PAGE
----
top of page


During these chaotic days of pandemic and #BLM social revolution in the making, I hear repeatedly how people are ditching their minimalist style, and surrender to the natural course of life, mess. This Atlantic article The Pandemic Has Made a Mockery of Minimalism is one example.

I, too, struggle. Being an architect who's drawn to minimalism, while also being a mom, is enough of a challenge as it is, even without the additional "aid" of a pandemic, social distancing and home schooling. But when I do surrender to mess, my mind feels like it's about to explode with the over-stimulation caused by an untamed surrounding.

art by Louise Nevelson The Fogg Museum
Louise Nevelson's Total Totality ll at Harvard Art Museums. Wood, paint & hardware // photo by yours truly

Before the pandemic, when visiting museums was considered a normal activity, I was at Harvard Art Museums, staring at Louise Nevelson's Total Totality ll, when it suddenly sank, my personal understanding of monochrome as a source of peace and quiet. Serenity. It was either that, or the kid-free zone. But I want to say it was a pure monochrome vibe, because otherwise this post is pointless.

And my point is that monochrome, while used as a flattening/blending tool, also makes you stop and pay attention. Because of that flattening ability and lack of distractions, you can now get a more profound perspective of shapes, textures, layers, depth, light and shadow, merits that might have been dismissed otherwise. It is very much like an epiphany, or so I was told.

It's impossible to think of monochrome without mentioning Mark Rothko, specifically his late works, when he strayed further from color and used exclusively different tonalities of black. His black series paintings concentrate only on color and form, in the purest level of minimalism. What seems like nothing more than a simple black canvas, on closer observation pulls you in, to reveal depth, movement, and hidden layers enclosed between pulsing borders. There is no agenda, only art evoking feelings.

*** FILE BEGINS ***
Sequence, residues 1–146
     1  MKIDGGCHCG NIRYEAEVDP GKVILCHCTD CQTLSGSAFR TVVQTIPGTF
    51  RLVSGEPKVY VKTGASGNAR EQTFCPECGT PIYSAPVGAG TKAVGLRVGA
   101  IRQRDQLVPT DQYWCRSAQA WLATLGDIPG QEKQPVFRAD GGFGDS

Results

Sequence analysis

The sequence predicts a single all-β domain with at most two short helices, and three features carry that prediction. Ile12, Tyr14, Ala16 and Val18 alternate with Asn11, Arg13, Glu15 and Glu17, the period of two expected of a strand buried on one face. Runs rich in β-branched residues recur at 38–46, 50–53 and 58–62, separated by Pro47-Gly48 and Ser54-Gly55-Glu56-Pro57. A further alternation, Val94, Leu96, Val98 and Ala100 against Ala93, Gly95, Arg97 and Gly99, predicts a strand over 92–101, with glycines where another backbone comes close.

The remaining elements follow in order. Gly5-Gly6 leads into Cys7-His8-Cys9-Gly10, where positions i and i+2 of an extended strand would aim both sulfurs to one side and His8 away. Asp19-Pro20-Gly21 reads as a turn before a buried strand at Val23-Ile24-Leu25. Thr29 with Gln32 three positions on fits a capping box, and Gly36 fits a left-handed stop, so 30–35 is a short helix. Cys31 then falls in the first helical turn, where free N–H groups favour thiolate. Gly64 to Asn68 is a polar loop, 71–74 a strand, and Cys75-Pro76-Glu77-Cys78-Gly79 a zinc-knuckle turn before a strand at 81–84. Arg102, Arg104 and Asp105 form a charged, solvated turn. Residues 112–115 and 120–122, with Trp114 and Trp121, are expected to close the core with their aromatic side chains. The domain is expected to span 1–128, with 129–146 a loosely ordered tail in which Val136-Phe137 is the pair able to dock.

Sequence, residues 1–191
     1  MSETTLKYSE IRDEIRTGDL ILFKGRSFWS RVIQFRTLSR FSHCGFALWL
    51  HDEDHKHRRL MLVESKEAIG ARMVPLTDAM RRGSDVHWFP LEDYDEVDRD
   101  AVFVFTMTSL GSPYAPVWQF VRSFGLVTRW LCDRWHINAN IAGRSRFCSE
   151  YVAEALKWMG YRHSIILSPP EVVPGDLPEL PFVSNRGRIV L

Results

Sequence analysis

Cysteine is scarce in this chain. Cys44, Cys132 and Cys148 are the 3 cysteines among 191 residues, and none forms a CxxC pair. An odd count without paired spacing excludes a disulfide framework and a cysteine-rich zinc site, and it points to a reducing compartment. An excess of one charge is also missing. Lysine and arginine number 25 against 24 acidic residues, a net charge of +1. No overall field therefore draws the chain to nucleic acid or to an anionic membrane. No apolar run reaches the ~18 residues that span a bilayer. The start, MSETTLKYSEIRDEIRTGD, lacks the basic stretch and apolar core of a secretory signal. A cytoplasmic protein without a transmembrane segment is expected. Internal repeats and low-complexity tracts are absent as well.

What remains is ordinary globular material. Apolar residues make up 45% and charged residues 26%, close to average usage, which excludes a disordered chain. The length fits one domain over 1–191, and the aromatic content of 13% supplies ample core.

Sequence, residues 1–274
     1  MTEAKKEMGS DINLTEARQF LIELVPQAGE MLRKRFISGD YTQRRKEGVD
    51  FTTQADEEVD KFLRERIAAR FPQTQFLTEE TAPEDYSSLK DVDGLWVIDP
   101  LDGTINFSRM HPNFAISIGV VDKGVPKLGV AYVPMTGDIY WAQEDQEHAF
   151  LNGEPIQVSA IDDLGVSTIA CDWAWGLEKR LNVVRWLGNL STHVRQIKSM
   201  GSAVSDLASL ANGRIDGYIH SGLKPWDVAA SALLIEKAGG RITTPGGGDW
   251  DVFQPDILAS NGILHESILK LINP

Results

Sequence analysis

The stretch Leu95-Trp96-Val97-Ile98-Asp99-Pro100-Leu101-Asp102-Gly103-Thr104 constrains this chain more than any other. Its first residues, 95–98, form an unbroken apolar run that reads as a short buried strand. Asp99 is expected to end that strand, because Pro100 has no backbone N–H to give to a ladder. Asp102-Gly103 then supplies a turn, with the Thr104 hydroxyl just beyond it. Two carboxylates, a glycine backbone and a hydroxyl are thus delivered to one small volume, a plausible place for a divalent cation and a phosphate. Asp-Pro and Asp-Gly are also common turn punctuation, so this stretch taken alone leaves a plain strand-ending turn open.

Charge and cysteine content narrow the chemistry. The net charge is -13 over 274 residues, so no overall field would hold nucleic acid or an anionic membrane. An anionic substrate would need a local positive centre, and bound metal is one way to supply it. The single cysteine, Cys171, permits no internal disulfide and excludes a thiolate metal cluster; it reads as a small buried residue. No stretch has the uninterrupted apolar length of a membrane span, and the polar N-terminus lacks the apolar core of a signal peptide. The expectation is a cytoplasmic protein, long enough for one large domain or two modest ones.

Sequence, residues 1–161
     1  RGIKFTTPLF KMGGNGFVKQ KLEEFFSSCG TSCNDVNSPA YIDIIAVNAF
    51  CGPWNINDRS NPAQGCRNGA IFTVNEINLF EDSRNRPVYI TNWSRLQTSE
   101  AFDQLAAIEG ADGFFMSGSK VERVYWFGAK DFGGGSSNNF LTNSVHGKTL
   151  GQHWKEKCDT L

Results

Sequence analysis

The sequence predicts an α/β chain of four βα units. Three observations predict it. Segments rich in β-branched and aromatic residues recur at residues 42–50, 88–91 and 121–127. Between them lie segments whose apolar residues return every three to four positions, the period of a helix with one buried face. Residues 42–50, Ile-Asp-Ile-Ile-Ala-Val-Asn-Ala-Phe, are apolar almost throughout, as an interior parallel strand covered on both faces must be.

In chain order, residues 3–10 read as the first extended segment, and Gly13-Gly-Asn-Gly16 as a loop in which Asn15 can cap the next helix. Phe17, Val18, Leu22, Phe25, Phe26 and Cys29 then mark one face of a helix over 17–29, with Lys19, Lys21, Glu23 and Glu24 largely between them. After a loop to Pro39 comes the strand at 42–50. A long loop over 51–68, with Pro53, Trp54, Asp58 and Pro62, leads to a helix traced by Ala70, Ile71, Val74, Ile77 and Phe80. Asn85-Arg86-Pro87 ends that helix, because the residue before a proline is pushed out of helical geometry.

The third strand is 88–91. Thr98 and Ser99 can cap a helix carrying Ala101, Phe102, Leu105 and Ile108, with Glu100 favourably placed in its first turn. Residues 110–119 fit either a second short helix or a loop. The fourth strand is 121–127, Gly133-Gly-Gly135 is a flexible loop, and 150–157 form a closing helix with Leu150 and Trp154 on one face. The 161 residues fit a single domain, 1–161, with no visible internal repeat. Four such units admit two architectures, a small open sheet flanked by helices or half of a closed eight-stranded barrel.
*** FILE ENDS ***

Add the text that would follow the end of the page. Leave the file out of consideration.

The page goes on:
Understanding Rothko's method through online images is almost impossible, because scale is a big part of his work, but this article explains nicely how to understand art on the example of Mark Rothko.

I see Monochrome as an inviting background, its cleanliness and openness a welcoming vast, like in these aerial photographs by Mitch Rouse.

Same welcoming-all qualities go for architecture and interior design. And the beauty is you don't have to be a huge fan of a particular color in order to appreciate a monochromatic space. When done systematically, it's perfection, whatever color you choose. Well, except for yellow. I hate yellow.

Below are monochromatic bathrooms designed by Studio Bright. God is in the details, or in this case, the grout.

And back to neutral monochrome. Below is a danish design by tinekhome, photography by Mikkel Adsbøl:

Because each element complements the other and there's no competition, no focal-point distraction, your mind is free to appreciate all components equally, whether for their shape, color or texture: from the linen sofa cover, jute rug and wooden chair, through the roundness of the side tables, to the brick walls, concrete floor and minimal window frames. Pure Harmony.



bottom of page